For Jennifer Bethel ‘98, attending Edgewood College was almost like destiny. With the maiden name ‘Edge,’ she grew up with her parents bringing her to the Henry Vilas Zoo from their farm near Mount Hope, Wisconsin, passing by the College and saying, “That’s where Jennifer is going to go to college.”
Twenty years after completing her undergraduate degree in Art Therapy, Bethel is the executive director of Shakespeare on the Edge, which strives to bring arts programming to youth in the Monroe, Wisconsin, area.
“As I approached college, I thought I had no business coming here. I came from a really poor family, and I thought this was the last place someone with my background should come,” Bethel said.
Coming from a graduating class of 26, she knew she needed a smaller college. She knew she wanted to be an art therapist. She knew Laurie Ellen Neustadt had recently started the program at Edgewood College. So, the girl who thought she didn’t belong, came anyway.
Bethel needed work study. She picked up the form and checked the boxes, trying to stay as far away from the kitchen as she could. Ideally, she would have liked an office job.
“Where did they put me? At Phil’s. In the kitchen,” Bethel said. “Phil Hansen, the namesake, was here at the time. He ended up being huge in my life, just a huge supporter.”
Along with Phil’s, Bethel retained a job at Ken Kopp’s, where Trader Joe’s now is. Again, Bethel’s community grew with the guidance and kindness of Kopp.
The common thread to Bethel’s role models was their dedication to their community, whether that be the campus, the city of Madison, or a community of learners in a classroom.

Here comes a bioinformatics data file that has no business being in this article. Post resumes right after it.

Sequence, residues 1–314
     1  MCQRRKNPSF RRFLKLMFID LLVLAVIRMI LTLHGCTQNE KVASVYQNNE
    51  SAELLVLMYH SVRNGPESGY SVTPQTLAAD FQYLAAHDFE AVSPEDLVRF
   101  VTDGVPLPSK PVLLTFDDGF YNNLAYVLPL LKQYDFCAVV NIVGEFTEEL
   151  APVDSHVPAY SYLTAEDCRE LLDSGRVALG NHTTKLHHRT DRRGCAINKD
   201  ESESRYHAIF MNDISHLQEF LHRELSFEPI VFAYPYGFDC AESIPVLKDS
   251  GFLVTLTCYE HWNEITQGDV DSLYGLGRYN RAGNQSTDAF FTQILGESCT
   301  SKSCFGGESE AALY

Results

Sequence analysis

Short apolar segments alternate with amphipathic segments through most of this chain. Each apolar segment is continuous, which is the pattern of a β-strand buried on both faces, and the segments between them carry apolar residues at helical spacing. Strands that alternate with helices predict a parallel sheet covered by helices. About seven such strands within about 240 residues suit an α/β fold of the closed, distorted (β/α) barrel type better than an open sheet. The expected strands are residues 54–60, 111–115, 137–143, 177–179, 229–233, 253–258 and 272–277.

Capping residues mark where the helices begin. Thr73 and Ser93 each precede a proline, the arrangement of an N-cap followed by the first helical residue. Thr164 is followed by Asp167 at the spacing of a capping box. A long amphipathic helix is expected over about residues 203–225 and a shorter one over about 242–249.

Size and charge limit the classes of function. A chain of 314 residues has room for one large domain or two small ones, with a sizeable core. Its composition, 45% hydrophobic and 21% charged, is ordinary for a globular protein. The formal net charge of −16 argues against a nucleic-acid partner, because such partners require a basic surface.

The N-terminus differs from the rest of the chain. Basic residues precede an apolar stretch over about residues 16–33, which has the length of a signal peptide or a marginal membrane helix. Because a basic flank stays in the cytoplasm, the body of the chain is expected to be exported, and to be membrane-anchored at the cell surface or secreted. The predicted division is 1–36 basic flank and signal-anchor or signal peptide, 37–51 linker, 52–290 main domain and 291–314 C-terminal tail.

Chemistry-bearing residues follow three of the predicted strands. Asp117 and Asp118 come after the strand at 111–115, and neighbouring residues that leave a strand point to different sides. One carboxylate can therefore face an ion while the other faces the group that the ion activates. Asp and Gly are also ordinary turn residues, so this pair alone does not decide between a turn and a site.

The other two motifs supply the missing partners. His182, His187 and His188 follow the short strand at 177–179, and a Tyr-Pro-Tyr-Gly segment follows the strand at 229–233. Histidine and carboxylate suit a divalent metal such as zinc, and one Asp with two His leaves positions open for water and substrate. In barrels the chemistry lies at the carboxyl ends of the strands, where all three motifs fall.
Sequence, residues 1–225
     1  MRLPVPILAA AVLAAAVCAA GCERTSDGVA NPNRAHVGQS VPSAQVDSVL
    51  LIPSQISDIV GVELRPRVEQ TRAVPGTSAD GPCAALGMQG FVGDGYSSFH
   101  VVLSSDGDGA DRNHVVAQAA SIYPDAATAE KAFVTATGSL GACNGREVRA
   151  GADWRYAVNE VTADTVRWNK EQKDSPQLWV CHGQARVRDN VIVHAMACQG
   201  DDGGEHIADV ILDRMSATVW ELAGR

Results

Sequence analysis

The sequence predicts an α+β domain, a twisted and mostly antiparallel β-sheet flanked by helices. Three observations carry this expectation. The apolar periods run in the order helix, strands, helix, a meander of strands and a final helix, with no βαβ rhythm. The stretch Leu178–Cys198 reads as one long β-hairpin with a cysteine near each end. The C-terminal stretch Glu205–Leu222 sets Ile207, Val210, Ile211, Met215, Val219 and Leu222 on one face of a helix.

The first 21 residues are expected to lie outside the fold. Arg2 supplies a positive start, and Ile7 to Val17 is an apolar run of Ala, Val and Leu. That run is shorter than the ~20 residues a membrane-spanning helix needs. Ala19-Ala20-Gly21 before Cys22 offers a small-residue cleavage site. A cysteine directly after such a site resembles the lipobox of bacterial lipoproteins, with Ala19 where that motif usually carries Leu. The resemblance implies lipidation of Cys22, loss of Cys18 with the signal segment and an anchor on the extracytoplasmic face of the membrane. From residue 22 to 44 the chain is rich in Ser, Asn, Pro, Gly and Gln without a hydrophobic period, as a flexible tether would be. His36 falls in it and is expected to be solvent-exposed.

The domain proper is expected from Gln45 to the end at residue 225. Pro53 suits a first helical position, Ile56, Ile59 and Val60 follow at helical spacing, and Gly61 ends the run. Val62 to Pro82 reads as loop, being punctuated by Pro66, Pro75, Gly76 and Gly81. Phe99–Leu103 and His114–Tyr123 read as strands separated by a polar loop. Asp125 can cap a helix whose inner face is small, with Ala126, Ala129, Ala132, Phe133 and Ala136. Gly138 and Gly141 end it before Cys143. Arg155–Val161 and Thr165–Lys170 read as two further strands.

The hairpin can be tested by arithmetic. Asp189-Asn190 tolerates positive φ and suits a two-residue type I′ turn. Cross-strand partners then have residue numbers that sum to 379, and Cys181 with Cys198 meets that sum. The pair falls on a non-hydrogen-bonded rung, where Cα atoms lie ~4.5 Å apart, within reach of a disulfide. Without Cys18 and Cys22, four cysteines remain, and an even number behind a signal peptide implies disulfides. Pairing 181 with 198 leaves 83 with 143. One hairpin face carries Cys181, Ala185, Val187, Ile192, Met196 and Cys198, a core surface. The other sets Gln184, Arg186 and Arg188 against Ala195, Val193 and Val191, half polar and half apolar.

“I think the thing I remember most is Laurie’s support. I remember her saying, ‘If you can think outside of the box, you can be an art therapist anywhere in the world,’ and that really struck true to me,” Bethel said.
After Edgewood College and a year off, Bethel returned to the classroom for graduate school at Mount Mary in Milwaukee. Soon after, in October of 1999, Neustadt passed away.
“I felt like if she wasn’t here, how would I know how to be an art therapist?” Bethel said. “My own mom told me all the time, ‘What would Laurie think of the work you’re doing,’ and I thought, ‘Yes, she would be proud, and I am living the legacy she taught us.’ “
Staying true to thinking outside of the box, and stepping outside of her comfort zone, Bethel’s second year at Mount Mary provided its own challenges and triumphs while working with Vietnam veterans.
“I was shy here at Edgewood College, and what the Vietnam veterans taught me is that as a therapist, if I’m going to ask someone to do something, I better be willing to do it right along with them,” Bethel said. “So, I was doing performance art with them and puppetry and that helped me gain the confidence I needed as well as to see how people heal and how trauma affects each of us.”
It was after graduate school, while working in Monroe at an alternative high school, that Bethel found her passion for teaching Shakespeare.
“In our little reference library, every one of Shakespeare’s plays were there and 25 copies of each,” Bethel said. “One day I was looking at them with a colleague and the colleague said, ‘I hate Shakespeare and I tell my students I hate it and we’re going to get through it together.’ That was the fuel to my fire to say okay, I’m going to do Shakespeare here at this school and find a way for kids to love it and understand it and enjoy it.”
For three years, she brought Shakespeare into the classroom in a lively way. After leaving the schools, she opened a private practice in Monroe and began the Shakespeare Project in a place where she could embrace her rural roots.
“Our work in the last 15 years has been about social justice, about helping kids pave that way. Ending bullying, having a place to come when they’re feeling all alone in the world. It’s a place to build competence and feel valued and find friendships,” Bethel said.
Now that she’s opened a door, Bethel has had the opportunity to watch children and teenagers grow into young adults who have taken with them what they’ve learned through the program.
“Foremost, I want them to take that they are loved. I want them to have self-confidence. I want them to be leaders not just at Shakespeare on the Edge, but I want that to transcend into their lives,” Bethel said.
Twenty years ago, she never would have believed this is something she would be doing. Neustadt, Hansen and countless other mentors and supporters at Edgewood College during Bethel’s undergraduate education made a lasting impact on the art therapist she is today.